In the final medal ceremony of his 16 years serving as the congressional representative for Colorado District 7, U.S. Rep. Ed Perlmutter presented posthumous medals to the surviving son and family of a WWII Veteran and a service medal to a U.S. Merchant Marine who served during the Vietnam war.
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Edward Talbot was presented with the Merchant Marine Vietnam Service Medal and the Vietnam Veteran Lapel Pin.
Honored and humbled by the recognition of his time in the U.S. Merchant Marines, Talbot said the true heroes of America's war efforts were the active duty men and women who faced combat.
Perlmutter interjected, noting Talbot's modesty and assuring him that his service providing much-needed supplies to U.S. combat troops was a selfless act during a time of war and deserving of the medals bestowed upon him. Talbot's life of service evolved after he left the Merchant Marines in 1972.
A short bio put together by Perlmutter's office said that after his time in the Merchant Marines, Talbot came back to Colorado and served his community as a longtime employee for the City of Arvada. Most recently, Edward served as the Director of the Arvada Housing Authority and Manager for the Housing Preservation and Resources Division providing affordable housing and community development programs for the community.
Lt. Anthony Iozzo’s son, Tony Iozzo, born just two days before his father was killed, was given posthumous medals his father never received for his service. Iozzo's medals included a Purple Heart, the European-African-Middle Eastern Campaign Medal, the World War II Victory Medal and the Honorable Service Lapel Button for WWII.
Tony Iozzo said his father's family were Italian immigrants who believed wholeheartedly in fighting for their new homeland.
His father, Anthony, was deployed to Europe on Feb. 11, 1944, as part of the 119th Infantry and was part of the second wave of the D-Day Invasion, fighting in the hedgerows of northern France.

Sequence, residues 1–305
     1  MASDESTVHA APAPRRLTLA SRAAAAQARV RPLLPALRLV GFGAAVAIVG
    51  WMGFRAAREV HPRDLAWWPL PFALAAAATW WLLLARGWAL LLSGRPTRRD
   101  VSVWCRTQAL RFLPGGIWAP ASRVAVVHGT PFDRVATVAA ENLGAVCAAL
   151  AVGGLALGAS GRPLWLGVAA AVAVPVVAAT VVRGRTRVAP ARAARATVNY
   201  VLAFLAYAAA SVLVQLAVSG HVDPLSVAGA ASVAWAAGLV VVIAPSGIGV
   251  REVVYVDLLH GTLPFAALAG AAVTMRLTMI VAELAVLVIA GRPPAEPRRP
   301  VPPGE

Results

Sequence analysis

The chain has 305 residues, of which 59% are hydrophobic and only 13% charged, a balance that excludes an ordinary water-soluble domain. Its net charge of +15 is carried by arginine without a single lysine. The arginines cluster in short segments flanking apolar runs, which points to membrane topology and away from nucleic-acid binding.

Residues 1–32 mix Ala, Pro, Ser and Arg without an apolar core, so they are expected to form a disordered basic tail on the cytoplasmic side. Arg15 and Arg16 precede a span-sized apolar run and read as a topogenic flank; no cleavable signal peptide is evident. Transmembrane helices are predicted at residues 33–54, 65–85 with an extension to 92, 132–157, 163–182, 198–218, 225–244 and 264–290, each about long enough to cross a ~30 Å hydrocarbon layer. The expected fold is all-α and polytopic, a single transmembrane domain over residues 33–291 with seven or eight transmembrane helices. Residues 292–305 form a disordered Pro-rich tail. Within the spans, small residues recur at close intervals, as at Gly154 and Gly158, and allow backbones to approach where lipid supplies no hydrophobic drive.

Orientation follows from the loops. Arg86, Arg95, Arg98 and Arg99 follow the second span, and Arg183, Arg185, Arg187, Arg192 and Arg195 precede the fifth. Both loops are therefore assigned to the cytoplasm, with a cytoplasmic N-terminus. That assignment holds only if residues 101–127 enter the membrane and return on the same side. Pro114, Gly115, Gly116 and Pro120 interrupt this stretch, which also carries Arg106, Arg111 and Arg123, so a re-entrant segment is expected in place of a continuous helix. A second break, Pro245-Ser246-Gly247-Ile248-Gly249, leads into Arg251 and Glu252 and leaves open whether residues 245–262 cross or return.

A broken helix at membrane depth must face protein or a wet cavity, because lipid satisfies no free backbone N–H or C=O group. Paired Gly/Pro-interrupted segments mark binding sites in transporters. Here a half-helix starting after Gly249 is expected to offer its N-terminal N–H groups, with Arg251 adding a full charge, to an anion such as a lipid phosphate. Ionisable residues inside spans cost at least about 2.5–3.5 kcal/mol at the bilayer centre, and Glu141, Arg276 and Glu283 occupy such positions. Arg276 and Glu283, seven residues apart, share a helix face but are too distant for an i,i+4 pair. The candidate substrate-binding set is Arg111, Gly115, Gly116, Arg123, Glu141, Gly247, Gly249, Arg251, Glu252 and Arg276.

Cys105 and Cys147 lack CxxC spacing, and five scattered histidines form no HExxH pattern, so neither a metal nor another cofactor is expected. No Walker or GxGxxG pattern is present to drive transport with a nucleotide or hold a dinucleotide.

Two days later, Anthony was killed by a German sniper at Pont Hebert in northern France as his unit was heading toward a battle in St. Lo. He was buried in France. After the war, his body was sent back to the US and buried in the US Military Cemetery in Farmingdale Long Island, NY on Feb. 3, 1948. A V.F.W. Post was formed in his name in Green Island NY, his home town.
Perlmutter's office said the retiring congressman has held eight medal ceremonies, nine pinning ceremonies, primarily for Vietnam-era Veterans, and roughly 30 Veteran-specific events such as job fairs and town halls since 2012. Additionally, his office has helped document the stories of 32 Veterans through the Library of Congress’ Veterans History Project. Through this work, Perlmutter has recognized nearly 1,000 Veterans in total.
"It's been an honor for me to have recognized so many veterans who have sacrificed for our country. And to ensure that they get the benefits and care to which they're entitled," Perlmutter said. "It's been one of the highest honors that I know I've had, to be able to recognize so many men and women who have meant so much to our nation. When you do these ceremonies, you recognize the responsibility you have as an elected official in making sure that the decisions we come up with —especially when it means sending our young men and women to war — are really the last thing you can do, because good men and women lose their lives."
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